Over the past several weeks, I feel a certain bond of trust has formed between us. For instance, you know that at my core I generally hate running, am capable of weeping from calf cramps and call carrot sticks "boring bites." So, I think I’m ready to share on a topic that makes every runner cringe. It’s a sensitive subject, but I think it’s time we had the talk about…
Just the word alone makes me uncomfortable, like the word “moist.” Both words so perfectly sound like what they describe, that the word guys who invented them must have high-fived when they nailed those two. And, when it comes to running, “moist” and “chafing” go hand-and-hand (what a disgusting visual that is).
Chafing happens when clothing rubs repeatedly against an area, causing it to blister and become highly irritated, more so when moist or wet. It tends to happen in key areas like thighs, underarms, the groin and nipples (in men), which are particularly vulnerable, causing the nipples to bleed (sorry, I know you can’t unread that.)
I’ve had personal encounters with chafing. It’s almost impossible to avoid getting it at least once. In some ways, it’s a rite of passage — an “oh, look I didn’t know my nipples could bleed buckets of blood” rite of passage.
Besides the nipples, the groin sees a lot of action, where chafing can mercilessly brutalize you on its own timetable. It’s the Joseph Stalin of skin irritations (I just compared chafing with Joseph Stalin — sweet.) By the time you realize chafing has started in the groin area, it’s too late — a week of wincing as you walk is in your future.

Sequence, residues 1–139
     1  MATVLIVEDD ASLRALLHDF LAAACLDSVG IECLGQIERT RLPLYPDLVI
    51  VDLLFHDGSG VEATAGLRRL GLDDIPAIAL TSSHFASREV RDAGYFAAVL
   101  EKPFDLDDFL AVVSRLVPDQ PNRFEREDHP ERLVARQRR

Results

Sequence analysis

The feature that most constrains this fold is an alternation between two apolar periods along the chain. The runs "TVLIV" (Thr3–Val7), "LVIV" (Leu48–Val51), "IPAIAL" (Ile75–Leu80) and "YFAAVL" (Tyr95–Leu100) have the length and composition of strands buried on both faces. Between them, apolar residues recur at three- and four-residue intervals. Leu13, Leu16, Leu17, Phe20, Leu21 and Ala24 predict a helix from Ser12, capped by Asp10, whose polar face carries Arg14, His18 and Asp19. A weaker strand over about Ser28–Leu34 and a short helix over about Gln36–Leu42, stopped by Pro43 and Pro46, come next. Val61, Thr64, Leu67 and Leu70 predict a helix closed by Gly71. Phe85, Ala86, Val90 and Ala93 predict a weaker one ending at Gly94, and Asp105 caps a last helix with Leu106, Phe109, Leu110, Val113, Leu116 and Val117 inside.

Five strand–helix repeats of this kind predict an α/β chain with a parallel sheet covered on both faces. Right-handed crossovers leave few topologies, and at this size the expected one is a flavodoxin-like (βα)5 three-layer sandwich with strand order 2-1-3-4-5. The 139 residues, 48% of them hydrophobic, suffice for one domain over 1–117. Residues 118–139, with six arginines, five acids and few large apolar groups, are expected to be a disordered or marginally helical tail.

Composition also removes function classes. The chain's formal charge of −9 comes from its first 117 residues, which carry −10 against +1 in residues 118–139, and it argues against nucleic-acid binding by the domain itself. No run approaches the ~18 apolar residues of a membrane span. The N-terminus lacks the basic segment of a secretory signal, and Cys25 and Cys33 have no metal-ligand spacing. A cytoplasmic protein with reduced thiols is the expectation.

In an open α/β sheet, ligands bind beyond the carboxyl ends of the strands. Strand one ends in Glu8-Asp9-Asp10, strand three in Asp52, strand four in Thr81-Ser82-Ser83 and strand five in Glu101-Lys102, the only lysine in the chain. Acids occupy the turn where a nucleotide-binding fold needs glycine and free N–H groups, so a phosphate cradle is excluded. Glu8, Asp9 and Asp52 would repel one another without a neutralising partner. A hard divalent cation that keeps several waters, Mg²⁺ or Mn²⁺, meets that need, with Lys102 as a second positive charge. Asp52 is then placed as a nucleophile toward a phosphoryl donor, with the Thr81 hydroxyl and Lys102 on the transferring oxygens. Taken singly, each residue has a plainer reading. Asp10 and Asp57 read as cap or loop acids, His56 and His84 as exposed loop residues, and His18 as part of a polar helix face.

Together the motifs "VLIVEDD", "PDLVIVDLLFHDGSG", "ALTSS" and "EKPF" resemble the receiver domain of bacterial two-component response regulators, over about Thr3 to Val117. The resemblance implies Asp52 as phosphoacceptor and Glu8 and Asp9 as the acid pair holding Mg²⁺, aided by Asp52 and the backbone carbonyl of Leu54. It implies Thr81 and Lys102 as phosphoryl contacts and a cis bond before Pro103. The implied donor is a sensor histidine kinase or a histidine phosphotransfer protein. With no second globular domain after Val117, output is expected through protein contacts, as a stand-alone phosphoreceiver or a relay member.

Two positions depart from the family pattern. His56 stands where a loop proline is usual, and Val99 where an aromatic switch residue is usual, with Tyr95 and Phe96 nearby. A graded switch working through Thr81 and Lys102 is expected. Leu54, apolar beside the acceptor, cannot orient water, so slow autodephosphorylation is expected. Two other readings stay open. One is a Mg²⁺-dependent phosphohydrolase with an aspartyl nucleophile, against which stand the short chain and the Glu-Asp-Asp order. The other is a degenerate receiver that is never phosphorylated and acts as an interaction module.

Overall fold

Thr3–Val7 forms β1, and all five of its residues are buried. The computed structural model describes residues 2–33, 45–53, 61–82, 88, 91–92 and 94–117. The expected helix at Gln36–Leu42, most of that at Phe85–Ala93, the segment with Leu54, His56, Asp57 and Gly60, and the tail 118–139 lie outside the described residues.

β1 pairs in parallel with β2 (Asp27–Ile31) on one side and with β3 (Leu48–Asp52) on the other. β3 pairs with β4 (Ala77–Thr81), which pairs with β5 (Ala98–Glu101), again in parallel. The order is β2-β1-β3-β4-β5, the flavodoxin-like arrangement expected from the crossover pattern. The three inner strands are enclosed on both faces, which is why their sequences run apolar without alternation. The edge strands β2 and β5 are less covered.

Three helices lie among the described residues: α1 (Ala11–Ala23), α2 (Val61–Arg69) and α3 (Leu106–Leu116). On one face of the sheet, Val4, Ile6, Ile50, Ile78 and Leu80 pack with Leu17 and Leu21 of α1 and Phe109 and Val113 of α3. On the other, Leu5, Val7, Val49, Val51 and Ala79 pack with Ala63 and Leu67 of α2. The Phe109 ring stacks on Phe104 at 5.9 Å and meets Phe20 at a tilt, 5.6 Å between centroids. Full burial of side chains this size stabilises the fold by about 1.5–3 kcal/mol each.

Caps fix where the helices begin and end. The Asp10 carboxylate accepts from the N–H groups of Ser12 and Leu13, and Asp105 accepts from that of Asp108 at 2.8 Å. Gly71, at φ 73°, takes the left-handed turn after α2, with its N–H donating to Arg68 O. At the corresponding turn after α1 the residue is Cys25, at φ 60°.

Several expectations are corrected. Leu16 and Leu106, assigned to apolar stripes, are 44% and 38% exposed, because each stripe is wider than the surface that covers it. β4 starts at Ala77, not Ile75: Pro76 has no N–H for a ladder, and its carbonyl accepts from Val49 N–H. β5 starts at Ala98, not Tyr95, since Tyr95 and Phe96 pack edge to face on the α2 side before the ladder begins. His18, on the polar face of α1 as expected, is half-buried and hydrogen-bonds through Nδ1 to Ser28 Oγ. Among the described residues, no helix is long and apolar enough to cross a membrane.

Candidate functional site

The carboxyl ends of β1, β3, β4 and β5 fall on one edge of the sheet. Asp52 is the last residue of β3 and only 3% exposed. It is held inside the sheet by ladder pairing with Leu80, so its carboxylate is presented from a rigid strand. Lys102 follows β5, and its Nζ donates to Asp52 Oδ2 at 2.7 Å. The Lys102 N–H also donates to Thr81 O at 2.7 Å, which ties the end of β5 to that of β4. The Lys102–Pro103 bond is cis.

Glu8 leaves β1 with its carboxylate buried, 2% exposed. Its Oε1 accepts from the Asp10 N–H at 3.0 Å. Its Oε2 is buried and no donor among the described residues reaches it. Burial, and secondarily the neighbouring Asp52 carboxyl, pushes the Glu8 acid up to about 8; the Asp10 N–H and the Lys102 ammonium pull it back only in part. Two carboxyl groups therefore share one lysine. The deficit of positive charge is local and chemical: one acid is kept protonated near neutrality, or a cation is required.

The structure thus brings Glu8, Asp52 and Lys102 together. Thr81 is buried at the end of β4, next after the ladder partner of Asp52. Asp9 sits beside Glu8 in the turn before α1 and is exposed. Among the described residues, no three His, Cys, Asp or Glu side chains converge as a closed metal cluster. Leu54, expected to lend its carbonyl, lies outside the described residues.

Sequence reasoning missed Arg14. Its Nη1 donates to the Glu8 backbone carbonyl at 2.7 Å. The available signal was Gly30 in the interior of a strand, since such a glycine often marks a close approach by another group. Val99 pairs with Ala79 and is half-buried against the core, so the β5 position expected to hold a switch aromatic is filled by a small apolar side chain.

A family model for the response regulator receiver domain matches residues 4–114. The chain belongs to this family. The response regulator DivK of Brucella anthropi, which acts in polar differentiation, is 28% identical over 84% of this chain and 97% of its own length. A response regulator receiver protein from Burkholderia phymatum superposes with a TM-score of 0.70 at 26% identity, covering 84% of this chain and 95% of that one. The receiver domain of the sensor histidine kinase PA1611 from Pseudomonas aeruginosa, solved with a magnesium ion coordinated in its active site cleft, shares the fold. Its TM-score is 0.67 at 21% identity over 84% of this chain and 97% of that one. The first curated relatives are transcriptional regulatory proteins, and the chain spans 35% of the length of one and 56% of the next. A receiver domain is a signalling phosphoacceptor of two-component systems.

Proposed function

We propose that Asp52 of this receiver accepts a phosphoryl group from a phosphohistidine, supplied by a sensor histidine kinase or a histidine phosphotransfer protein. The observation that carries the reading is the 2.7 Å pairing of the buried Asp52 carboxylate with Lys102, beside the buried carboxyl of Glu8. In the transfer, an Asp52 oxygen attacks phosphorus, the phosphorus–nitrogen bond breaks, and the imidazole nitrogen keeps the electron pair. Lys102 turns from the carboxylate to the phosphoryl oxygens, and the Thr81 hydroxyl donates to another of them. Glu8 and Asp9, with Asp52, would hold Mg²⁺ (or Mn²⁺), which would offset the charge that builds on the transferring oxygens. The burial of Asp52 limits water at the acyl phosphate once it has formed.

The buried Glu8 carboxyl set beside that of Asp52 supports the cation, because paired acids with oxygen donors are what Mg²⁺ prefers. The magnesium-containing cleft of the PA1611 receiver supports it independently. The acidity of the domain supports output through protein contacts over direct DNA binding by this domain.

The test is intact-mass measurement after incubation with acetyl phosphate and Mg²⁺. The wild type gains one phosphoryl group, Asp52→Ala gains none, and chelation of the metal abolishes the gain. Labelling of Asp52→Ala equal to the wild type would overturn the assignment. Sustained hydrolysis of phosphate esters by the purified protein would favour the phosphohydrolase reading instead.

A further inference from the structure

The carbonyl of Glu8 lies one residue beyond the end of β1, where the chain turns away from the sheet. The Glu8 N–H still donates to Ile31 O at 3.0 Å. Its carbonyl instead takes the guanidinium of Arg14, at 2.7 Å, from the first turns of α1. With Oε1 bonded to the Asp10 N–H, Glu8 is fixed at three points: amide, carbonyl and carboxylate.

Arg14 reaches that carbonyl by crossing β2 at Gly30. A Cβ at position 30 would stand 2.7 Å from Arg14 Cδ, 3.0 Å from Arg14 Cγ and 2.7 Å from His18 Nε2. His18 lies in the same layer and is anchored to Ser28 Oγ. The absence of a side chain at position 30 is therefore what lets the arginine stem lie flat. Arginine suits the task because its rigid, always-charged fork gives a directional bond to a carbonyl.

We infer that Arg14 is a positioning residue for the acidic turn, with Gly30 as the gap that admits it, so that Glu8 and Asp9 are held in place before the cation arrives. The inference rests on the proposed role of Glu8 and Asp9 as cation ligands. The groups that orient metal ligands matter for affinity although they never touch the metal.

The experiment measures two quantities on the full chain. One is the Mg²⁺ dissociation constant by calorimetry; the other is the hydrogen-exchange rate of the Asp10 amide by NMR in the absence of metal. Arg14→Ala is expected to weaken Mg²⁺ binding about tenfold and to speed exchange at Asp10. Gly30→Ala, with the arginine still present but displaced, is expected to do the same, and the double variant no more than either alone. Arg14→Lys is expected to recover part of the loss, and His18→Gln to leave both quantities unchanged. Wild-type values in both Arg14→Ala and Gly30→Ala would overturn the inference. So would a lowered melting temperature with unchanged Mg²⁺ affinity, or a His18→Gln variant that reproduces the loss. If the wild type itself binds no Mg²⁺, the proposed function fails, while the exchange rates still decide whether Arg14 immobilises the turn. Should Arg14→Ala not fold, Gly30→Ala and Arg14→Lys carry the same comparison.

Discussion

There are no real warning signs when it comes to chafing. One minute you’re running in the rain, actually feeling great, the next your nipples feel as though they are the burning man at Burning Man. And it's even worse the next morning as it tortures you like a one night stand that won’t go home and has already used your toothbrush (I guess it’d be like hooking up with Joseph Stalin ... now that’s weird.)
Because chafing can bring even the most hardened runners to a stop, an ever-growing list of ways to prevent it has been handed down from runner to runner. I've gathered some here: don’t wear cotton shirts, wear seamless shorts, wash your sports bra after every run (women), use Vaseline, use Body Glide, wear Band Aids over your nipples (men), wear tight clothing that won’t move, just don’t run (me), wear spandex shorts, stay hydrated, use Shea butter, use baby oil, put a sandwich in your shorts (OK, I made that one up.)
I hope today’s post gives you an idea of the pain that chafing causes runners, so that the next time you see a guy with Band Aids on his nipples, you’ll just give him a knowing nod and realize that it’s not some freaky fashion statement — it’s survival.